The outcome of my research project will be the first monographic study of the network of commercial exchanges that linked the Arab and Byzantine worlds with Northern Europe in the 9th and 10th centuries. I will show that this trade system triggered deep social and economic changes in the Slavic lands which led to the sudden emergence of states. Given the lack of written sources, the precise mechanisms of this major development in European history remain unknown. They can, however, be elucidated thanks to the reinterpretation of the archaeological evidence, based on progress in dendrochronology, and of the hoards of Muslim coins, found in huge numbers in Scandinavia, Russia and Poland. This in turn requires an excellent numismatic background and knowledge of economic systems that produced the coins. The NIF will allow me to acquire this rare knowledge and thus to contribute to elucidating what is still one of the most obscure areas in Medieval Studies: the shaping of Central Europe.

 

Dr Anna Pegoretti  -  Italian

Franciscan Florentine Culture in the Age of Dante

NF100256            University of Leeds          £80,633.72

The project aims to re-evaluate a central dimension in the religious thought of Dante Alighieri: his response to the Franciscan movement, one of the most powerful forces shaping medieval Christianity. In particular, it will do so by focusing on a crucial environment for the poet's intellectual growth, the Florentine Franciscan convent of Santa Croce during the second half of the thirteenth century. The research will deal with a large amount of manuscripts and documents, and will be enriched by a significant body of recent scholarship which has largely remained unconnected with studies into Dante. A further step will consist in studying the development of some topics, mental schemes and symbols typically Franciscans whose influence on Dante has been never analysed thoroughly. Because of its interdisciplinary character, the research aims to reach significant improvements in Dante studies as well as in medieval studies on a crucial environment of the late Middle Ages.

 

Dr Yan Yun  -  Chinese

Household Wealth of the Elite Families in Qing China: Life and Material Culture

NF100003            University of Oxford       £102,293.36

This study fastens its attention upon the household wealth of the elite families in Qing China. Although Qing dynasty is generally regarded as a better studied and understood period of Chinese history and the important role of the elites in late traditional China has been paid high attention to in Chinese history studies, existing knowledge on their wealth is still far from adequate. Moreover, household wealth is a mirror, through which the image of material life and hence the culture behind, as well as the social economic changes at that time can be reflected. This research aims, by employing precious records on household properties from Qing official archives, to provide a general account of household wealth of the elite families in Qing China and explore the life and material culture behind.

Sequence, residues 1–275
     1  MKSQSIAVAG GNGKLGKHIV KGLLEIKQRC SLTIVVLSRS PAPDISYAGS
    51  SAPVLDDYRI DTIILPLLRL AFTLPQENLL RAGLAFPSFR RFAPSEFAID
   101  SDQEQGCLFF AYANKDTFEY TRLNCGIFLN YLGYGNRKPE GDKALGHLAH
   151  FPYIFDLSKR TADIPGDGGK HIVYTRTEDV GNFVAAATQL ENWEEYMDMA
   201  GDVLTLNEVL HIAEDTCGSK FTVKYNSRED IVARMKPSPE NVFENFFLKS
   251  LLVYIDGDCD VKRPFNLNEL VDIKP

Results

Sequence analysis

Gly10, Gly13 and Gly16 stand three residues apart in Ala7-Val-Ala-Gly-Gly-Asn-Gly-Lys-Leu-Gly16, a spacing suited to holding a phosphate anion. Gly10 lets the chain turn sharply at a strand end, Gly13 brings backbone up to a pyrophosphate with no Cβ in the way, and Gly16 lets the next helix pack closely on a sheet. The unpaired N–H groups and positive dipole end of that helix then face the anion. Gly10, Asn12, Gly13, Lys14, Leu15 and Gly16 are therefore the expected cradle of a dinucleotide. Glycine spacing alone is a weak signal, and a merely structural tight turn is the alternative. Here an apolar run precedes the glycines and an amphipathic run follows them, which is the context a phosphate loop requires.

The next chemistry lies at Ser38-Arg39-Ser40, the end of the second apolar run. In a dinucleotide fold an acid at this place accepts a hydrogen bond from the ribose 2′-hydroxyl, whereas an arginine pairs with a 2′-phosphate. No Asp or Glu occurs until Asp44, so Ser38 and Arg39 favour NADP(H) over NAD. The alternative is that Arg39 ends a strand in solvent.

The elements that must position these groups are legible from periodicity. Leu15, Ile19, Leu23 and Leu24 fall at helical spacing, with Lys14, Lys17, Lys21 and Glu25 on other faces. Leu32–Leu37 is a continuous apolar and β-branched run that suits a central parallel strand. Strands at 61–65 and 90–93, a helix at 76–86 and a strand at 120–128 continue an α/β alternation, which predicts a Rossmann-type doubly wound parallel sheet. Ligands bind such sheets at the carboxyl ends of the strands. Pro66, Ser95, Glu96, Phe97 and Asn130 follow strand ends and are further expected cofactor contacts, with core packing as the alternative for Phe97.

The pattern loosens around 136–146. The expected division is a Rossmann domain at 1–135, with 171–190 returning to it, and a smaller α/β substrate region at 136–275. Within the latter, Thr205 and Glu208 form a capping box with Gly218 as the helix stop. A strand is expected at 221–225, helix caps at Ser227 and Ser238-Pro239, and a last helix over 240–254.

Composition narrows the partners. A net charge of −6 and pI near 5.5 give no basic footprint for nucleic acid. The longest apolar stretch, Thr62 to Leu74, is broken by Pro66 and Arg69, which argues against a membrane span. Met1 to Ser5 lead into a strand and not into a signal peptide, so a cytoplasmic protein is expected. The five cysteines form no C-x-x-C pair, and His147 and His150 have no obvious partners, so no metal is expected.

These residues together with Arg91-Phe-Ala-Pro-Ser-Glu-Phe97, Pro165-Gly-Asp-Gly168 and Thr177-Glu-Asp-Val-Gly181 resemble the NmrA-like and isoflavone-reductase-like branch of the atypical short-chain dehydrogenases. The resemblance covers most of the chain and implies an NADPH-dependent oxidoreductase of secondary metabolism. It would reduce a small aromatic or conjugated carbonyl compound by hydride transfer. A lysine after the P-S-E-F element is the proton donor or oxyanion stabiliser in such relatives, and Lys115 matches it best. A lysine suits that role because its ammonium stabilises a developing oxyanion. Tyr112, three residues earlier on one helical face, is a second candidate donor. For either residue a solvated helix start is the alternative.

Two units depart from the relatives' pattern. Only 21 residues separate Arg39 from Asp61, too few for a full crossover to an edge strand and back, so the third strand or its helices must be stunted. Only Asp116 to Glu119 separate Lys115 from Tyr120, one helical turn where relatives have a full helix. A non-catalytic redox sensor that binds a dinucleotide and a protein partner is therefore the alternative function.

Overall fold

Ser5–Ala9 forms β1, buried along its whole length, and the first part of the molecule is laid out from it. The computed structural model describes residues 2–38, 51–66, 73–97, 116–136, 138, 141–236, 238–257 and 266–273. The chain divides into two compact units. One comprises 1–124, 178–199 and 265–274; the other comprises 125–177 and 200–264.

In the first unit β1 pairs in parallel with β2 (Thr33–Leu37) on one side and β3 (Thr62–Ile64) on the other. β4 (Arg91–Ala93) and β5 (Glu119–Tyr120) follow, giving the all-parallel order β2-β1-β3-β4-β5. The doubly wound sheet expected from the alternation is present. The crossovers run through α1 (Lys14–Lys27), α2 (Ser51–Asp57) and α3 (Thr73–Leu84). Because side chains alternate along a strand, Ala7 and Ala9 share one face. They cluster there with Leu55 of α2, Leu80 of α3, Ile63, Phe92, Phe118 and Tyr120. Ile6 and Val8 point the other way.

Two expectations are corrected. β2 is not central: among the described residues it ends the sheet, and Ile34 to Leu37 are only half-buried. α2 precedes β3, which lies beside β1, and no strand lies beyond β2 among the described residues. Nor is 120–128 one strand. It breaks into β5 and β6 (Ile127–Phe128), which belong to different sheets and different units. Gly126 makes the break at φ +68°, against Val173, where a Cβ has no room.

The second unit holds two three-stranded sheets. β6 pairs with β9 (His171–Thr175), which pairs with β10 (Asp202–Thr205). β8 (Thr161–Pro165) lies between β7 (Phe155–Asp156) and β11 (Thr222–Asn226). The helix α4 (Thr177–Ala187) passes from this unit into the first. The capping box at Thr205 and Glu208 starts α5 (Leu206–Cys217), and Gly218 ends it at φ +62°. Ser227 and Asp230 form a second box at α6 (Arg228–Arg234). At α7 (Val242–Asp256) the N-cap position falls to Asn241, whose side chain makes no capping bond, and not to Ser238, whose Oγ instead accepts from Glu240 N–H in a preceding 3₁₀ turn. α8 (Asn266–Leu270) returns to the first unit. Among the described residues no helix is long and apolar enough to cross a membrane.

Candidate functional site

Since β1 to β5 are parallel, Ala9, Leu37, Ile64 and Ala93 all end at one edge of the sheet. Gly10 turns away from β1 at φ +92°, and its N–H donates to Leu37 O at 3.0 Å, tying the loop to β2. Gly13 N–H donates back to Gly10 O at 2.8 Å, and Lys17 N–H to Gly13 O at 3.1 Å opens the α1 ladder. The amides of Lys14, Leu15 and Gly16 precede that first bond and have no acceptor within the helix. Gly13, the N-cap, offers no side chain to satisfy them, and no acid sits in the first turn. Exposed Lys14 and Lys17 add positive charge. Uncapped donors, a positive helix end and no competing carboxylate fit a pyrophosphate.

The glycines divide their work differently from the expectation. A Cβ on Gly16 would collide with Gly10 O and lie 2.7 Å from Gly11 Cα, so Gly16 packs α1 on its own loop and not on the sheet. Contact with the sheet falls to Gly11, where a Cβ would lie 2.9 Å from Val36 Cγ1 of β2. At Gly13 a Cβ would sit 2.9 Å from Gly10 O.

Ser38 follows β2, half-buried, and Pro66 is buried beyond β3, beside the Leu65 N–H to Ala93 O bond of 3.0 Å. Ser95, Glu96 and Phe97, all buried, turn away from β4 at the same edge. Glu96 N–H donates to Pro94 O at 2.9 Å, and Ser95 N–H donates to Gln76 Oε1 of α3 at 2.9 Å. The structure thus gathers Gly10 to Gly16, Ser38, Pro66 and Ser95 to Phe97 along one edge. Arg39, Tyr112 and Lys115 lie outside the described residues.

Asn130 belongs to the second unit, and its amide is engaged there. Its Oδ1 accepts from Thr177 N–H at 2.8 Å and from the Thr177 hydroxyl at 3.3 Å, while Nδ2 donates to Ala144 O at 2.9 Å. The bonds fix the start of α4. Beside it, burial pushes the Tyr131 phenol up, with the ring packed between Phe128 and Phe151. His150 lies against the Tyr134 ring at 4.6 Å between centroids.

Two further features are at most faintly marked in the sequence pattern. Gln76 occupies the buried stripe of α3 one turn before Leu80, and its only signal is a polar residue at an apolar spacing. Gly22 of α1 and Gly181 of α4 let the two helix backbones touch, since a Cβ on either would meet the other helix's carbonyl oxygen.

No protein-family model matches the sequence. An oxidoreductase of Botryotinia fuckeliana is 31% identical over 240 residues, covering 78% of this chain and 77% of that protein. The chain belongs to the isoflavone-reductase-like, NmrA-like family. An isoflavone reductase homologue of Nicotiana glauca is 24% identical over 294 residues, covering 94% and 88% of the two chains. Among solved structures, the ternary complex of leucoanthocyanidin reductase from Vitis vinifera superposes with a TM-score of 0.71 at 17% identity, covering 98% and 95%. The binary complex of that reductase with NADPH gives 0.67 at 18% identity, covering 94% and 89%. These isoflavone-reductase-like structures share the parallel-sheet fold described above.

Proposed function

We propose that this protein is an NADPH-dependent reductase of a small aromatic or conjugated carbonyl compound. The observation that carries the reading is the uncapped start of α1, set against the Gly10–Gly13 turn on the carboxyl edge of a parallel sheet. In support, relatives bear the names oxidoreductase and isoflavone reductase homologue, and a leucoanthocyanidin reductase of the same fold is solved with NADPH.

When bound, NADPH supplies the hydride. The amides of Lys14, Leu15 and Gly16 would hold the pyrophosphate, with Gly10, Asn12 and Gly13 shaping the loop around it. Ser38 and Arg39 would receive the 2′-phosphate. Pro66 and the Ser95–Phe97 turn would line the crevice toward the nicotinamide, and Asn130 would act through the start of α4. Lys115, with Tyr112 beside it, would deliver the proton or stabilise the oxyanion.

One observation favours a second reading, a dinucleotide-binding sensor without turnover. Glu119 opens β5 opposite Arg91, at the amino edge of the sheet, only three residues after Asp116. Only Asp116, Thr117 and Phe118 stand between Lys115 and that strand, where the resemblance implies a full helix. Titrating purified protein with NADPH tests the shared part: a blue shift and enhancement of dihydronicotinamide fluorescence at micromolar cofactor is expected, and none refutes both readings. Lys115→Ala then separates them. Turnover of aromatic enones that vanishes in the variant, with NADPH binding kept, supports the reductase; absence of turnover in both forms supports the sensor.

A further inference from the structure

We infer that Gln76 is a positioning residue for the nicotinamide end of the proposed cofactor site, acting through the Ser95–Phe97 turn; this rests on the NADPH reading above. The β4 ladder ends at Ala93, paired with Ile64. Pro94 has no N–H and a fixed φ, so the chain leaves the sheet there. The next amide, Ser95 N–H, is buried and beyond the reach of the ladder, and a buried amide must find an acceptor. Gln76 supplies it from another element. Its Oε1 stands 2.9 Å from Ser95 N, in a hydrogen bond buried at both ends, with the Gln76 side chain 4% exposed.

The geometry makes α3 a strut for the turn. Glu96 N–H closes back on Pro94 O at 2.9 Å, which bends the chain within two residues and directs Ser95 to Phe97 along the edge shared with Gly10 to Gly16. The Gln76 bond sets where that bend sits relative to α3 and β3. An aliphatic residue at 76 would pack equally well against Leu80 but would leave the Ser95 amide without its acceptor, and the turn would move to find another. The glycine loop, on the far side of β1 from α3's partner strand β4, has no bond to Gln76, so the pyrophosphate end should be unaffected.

Dr Khadija Carroll  -  Australian

Visual and Verbal Taxonomy from Object Collections from the British Colonies

NF090668            University of Cambridge                                £107,750.00

This investigation of visual and verbal taxonomy from object collections from the British colonies reveals how indigenous environmental knowledge and indigenous cultural classifications frequently found expression in the field records of natural historians and the artists they employed in the nineteenth century. These ideas remain present in a number of UK archives of their drawings, but were generally excluded, as the information was incorporated into metropolitan systems. This project is dedicated to the retrieval and interpretation of knowledge of this kind, from ethnographic and natural historical collections gathered in southeastern Australia. By reviewing visual, artifactual, and archival sources historical anthropology and ethnozoology is for the first time brought to bear on the conceptual question of classification. Over two years I would research and write a book, run seminars, and launch a database that I would be maintained and expanded during the alumni program.